Studying economics and international development in college, Chris Temple was well aware of the statistics: 1.1 billion people in the world live on $1 a day.
“Growing up in Connecticut, I couldn’t understand how that was possible,” Temple, a Westport native and Graduate of Green Farms Academy, said. “It seemed so distant from any reality I knew.”
Temple wanted to a “deeper understanding” of what it meant to live in extreme poverty. So, he and his classmate, Zach Ingrasci, and their two friends, decided to try it for themselves: for an entire summer, the four college students lived in the tiny village of Pena Blanca in Guatemala, subsisting on a total of just $224.
The group captured their experiences in the full-length documentary, “Living On One Dollar,” which airs on Hulu now through May 3.
Filmed in the summer of 2010, between Temple and Ingrasci’s sophomore and junior years at Claremont McKenna College, Calif., the documentary follows the four friends as they navigate the precarious existence of rural impoverishment. Aside from agonizing over their meager budget, the friends battle exhaustion, hunger and disease (Temple, at one point, suffers a nasty episode of giardia, an intestinal infection marked by abdominal cramps, bloating, nausea and watery diarrhea).
There were times when they wanted to quit and go home.
“We were only eating one small bowl of rice and beans per day . . . and then working as farmers for eight hours a day,” Temple, 23, recalled. “You don’t have nutrition, you have no energy, you’re sleeping on a dirt floor being bitten by fleas every night — it’s not an easy life to go through.”
However, in spite of the hardships, the group takes solace in their neighbors and friends. There’s Chino, who dreams of going to school despite being forced to support his family by working in the fields; and Anthony, who assists his friends with financial needs despite having to support his wife and large family.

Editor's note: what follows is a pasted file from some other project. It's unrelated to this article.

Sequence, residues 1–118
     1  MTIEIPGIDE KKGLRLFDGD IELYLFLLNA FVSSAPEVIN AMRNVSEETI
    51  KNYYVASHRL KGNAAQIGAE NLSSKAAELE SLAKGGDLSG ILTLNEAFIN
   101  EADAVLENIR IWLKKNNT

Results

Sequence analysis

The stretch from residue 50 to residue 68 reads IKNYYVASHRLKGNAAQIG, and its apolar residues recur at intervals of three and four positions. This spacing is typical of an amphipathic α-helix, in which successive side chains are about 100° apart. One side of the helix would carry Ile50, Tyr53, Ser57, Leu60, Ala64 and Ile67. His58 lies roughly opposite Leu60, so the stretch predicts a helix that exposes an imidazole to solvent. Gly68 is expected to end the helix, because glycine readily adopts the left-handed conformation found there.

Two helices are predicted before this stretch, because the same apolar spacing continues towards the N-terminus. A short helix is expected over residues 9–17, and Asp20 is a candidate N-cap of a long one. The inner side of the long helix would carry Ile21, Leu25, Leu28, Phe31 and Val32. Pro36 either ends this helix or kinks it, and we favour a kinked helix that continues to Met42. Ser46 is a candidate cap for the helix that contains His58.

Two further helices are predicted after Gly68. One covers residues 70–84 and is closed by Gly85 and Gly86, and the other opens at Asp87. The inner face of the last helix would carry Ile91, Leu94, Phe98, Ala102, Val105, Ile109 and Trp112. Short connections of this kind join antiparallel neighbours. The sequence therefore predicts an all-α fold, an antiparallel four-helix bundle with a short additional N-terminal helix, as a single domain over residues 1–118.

“When we met our neighbors and became integrated into the community, we stopped complaining,” Temple said. “We focused on our neighbors and telling their stories — that was the inspiration we needed to complete the film.”
And once they did, Temple and crew decided to take their mission a step further, establishing Living On One, a nonprofit organization dedicated to connecting “our peers with the reality of poverty” and inspiring “us all to take action,” according to the group’s website.
So far, they’ve raised $20,000 for a micro-finance program and for scholarships for Chino’s entire family. In addition to donating directly to microfinance programs, Temple encourages everyone to visit the group’s website and host a screening of the film.
Temple acknowledges the impossibility of “fully replicating” a $1 a day life. But he believes that by experiencing poverty first hand and “taking others along for the ride,” he has been able “bridge a gap of understanding” between himself, his friends and his family and the people of Pena Blanca.
“When we show people this film, they can relate to us, and meet our neighbors,” Temple added. “They realize: poverty isn’t just about overwhelming statistics. Behind the statistics is the hope and dreams of a single person, and that’s something everyone can appreciate.”
Watch the film below: